The Epistle of Q — Chapter Eighty-Nine (Part B)

So why do people get together 55 years after they were actually significant personages in each other’s lives?
This elongated journey to and from APPE provided the opportunity for another Madoc’rs luncheon in Toronto. The first one happened some time ago and another was held in 2016 during Grey Cup week and brought together. The male characters included guys that played sports and participated in other activities at Madoc High (MHS) or were neighbours and there were a couple of former teachers. And while some of them would cross paths occasionally, most of them had not really seen each other, certainly as a group, since the early sixties.

This most recent gathering was to include a new member from that era, but unfortunately he came down with a bug and being a gentleman, did not want to share it. Another individual had a professional engagement at a major convention in town. Nevertheless there was sufficient number in the motley crew to carry on conversations for a couple of hours. The former teacher in attendance even brought a couple of high school yearbooks to share while one of the students who is now an author brought one of his books (as it deals with the early days of the town of Madoc itself).

But all this is a sidebar to my own reflection of the day. I was glad I went, but I believe the next time (if there is a next time) we need to agree on a theme in advance of our assembling for some good food and drink. I would like us to consider the following questions:

#1) What is one thing from your time at MHS that was a significant/positive influence in the success(es) you enjoyed later in life?

#2) In one sentence sum up your memories of attending MHS (including, but not necessarily limited too, people who made the time at the school special)…

I think the answers to these questions could make for a very engaging conversation. It seems to me that these guys (including the former English teacher) all have lived very successfully and it would intrigue me at least to gain some insight into how their experiences at that high school played into their vocational and relational lives. Re-unions are okay, but now that we’ve met and chatted, I have this deep curiosity to connect whatever dots there might be between then and now.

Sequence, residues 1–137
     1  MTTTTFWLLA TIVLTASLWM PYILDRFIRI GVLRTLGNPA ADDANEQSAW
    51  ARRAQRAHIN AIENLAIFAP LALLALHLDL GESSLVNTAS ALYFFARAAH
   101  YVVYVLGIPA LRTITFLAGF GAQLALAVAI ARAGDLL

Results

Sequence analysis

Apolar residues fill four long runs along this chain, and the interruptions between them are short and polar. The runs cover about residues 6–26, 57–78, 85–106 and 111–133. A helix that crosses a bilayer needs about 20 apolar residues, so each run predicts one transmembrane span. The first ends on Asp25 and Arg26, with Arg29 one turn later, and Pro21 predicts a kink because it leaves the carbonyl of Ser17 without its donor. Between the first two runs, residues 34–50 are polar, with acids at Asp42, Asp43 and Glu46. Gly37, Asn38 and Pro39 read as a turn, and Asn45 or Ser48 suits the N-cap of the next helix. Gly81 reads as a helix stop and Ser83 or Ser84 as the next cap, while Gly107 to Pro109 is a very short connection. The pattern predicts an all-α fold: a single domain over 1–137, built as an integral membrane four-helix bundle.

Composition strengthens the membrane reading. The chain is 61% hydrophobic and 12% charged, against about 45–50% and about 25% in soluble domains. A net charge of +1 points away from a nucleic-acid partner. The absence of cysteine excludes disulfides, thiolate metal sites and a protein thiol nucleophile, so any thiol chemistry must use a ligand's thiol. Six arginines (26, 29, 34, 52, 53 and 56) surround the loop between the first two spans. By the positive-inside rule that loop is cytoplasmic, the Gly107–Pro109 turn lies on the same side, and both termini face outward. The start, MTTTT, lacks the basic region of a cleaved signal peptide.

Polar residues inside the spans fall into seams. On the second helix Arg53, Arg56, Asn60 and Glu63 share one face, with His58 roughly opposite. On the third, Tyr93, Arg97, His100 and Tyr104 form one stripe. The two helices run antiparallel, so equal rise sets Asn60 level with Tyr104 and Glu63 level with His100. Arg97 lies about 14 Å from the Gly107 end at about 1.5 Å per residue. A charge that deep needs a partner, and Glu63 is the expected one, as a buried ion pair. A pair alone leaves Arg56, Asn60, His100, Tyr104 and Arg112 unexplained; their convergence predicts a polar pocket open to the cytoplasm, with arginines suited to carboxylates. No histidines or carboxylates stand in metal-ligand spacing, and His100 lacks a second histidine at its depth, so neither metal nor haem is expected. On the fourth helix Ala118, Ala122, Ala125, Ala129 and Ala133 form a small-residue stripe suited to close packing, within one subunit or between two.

Perhaps this is because I am getting into the final stage(s) of writing my own book on my take on leadership and it has forced me to go a long way back to try to ascertain how my own vocational and relational life got its start and how much of it all links with my high school life. While I attended two different Ontario secondary schools, the first one while much larger than MHS didn’t have a major influence on me (perhaps because I left early in grade ten which was only my second year there).

This group includes a world class geologist, a very successful author, a couple of strong businessmen, a very good teacher and dramatist. Perhaps they really did it all after their time at MHS. Maybe in the case(s) of the very successful, they would have achieved much anyway, and high school was merely a stage they had to get through. But I’m not so sure and that’s why I’d like to convene the group at least one more time.. And if it does work, then it could be a useful template for many of us to use with a diversity of our late teenage years friend. Gaining such insights may even help us when we counsel our own grandkids.

My vocational life was so busy I seldom spent much time reflecting on my high school years. As a result did I miss out on the recognition that there were things that I actually learned that I should have drawn upon more often? Certainly in looking back I realize that my relational life did not get an adequate grounding at MHS. Perhaps had I come to that realization much, much sooner I might have made more appropriate decisions that would have permitted me to build as positive a personal side to my world as my vocational journey was.

Having a group of older, reflective guys gather to share their thoughts is not about trying to correct our own lives — it’s a little late for that. Rather I see such a moment as a way to learn more about the successful journeys of people who started out somewhat as peers. And then, upon reflection, I at least can share with my grandchildren these insights to help them ponder the choices, directions and opportunities they are confronting as they begin they individual vocational & relational journeys.

I think I will share this note with the fellow who organizes these gatherings and if he is in favour we could even try in later this spring when I am back in the east. It might be the last chance to pull it off. And, no matter the depth of the conversations, I believe it would be a very dynamic luncheon. And if it works, then I will let you know and maybe you could try it with some of your old high school peers. Certainly would be a more productive exercise that the ordinary re-unions. (You might even want to try it yourself this spring and we can compare notes in the summer.)

g.w.

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